Recently I posted about the trend over the past generation or so, for parents to foist their kids into organized sports at earlier and earlier ages. One reason for this is that parents really don’t have the time, or in some cases the inclination, to spend any significant time with their kids. They would rather work longer hours away from their family, making enough money to farm out the job of teaching their kid how to hit a curve ball. (If you know a better definition of “ironic”, let me know.)
The AC Nielsen is a company that tracks statistics. They research, ask a lot of questions, track a lot of data, and then they release it to the news so that hopefully, it will do some good in the world. Most of their data goes unnoticed. For instance, here’s a little stat they recently compiled from their research that probably got past you.
I’ll let that sink in. Please, do not miss the part where it says… “per WEEK”.
I’ll do the math for you: that comes to 5.5 minutes of conversation per day. Now I’m a realist with five kids. I understand that there are days that go by where no one in the family is going in the same direction. I’m not talking about the weird days. I’m talking about averages here. The statistics tell us that kids are essentially on their own.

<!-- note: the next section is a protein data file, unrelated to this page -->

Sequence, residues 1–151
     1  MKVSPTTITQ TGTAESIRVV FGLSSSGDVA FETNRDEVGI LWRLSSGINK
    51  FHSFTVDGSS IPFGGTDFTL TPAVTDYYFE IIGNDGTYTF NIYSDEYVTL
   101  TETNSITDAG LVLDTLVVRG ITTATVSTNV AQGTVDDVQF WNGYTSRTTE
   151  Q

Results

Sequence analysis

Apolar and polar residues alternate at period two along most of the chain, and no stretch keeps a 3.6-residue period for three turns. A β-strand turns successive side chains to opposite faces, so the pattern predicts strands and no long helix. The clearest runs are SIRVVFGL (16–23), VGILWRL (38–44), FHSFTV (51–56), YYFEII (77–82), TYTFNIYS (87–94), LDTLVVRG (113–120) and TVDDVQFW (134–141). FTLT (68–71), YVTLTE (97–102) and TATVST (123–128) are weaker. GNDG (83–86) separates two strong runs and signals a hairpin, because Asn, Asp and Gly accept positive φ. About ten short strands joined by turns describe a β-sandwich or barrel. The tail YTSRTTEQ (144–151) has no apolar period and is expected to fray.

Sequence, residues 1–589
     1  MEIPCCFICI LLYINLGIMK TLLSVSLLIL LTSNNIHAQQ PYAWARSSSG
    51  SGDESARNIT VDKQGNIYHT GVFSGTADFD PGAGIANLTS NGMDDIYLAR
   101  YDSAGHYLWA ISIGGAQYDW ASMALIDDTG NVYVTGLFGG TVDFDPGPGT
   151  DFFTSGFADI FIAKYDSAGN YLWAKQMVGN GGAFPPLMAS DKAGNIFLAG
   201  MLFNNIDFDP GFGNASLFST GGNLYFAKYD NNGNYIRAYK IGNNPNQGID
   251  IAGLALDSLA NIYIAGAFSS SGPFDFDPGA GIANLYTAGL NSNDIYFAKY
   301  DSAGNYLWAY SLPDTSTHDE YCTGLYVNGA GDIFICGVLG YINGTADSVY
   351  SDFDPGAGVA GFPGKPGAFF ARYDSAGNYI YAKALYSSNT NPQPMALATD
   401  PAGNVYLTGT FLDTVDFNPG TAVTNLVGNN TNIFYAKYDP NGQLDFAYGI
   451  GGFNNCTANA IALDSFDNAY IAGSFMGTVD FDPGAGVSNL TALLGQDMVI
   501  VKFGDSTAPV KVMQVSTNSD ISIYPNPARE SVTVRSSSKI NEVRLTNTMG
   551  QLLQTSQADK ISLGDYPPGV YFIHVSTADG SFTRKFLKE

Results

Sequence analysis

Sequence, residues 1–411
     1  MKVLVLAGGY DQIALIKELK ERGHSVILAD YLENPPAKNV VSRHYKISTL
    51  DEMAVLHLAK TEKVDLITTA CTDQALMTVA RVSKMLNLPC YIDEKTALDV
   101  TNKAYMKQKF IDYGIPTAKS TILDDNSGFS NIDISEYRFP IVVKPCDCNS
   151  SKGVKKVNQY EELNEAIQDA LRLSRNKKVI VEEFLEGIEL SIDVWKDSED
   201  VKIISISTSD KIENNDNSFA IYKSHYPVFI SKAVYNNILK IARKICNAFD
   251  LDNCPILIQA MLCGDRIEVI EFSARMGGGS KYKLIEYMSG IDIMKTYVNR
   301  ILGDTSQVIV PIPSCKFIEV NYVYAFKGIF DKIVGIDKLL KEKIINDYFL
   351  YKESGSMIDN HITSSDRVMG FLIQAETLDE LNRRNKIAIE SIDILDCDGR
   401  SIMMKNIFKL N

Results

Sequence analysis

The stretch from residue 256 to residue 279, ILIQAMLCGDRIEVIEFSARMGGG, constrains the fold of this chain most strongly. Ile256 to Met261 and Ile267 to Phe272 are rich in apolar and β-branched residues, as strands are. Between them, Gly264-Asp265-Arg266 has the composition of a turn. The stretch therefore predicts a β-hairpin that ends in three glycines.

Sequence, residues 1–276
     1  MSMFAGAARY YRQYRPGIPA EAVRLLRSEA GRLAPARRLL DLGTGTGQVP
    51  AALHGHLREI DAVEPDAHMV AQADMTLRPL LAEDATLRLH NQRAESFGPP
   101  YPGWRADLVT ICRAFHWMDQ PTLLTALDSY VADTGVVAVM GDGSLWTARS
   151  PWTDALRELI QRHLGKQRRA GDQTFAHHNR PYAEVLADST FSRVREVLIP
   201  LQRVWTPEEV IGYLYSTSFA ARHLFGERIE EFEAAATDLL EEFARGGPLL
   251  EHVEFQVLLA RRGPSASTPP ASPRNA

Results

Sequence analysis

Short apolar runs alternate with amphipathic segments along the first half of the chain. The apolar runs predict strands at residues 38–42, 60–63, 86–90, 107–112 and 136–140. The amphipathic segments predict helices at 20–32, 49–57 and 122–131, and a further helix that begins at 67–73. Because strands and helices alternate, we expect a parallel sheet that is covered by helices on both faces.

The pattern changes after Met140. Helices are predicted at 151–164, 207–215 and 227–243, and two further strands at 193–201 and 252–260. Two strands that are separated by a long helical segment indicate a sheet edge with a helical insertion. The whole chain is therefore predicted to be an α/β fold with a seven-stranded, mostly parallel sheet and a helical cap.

One great way to up those minutes of conversation with your kids is to actually have dinner with them.
Another study by another group, this one the National Center on Addiction and Substance Abuse at Columbia University, (CASA), had the following things to say about the impact of eating dinner as a family:
Kids who eat with their family less than 3 times per week are twice as likely to use tobacco and alcohol and 1.5 times more likely to use marijuana. They are also twice as likely to receive grades of “C” or lower. They also found strong correlations to higher obesity, eating disorder and depression rates. (These stats are compared to those who eat dinner with their family 5-7 times per week.)
Of course, there are a million reasons not to do this. Lots of things get in the way of a family actually sitting down with each other once a day for a meal. I suggest that you keep a list.
Your kids will want to read it someday.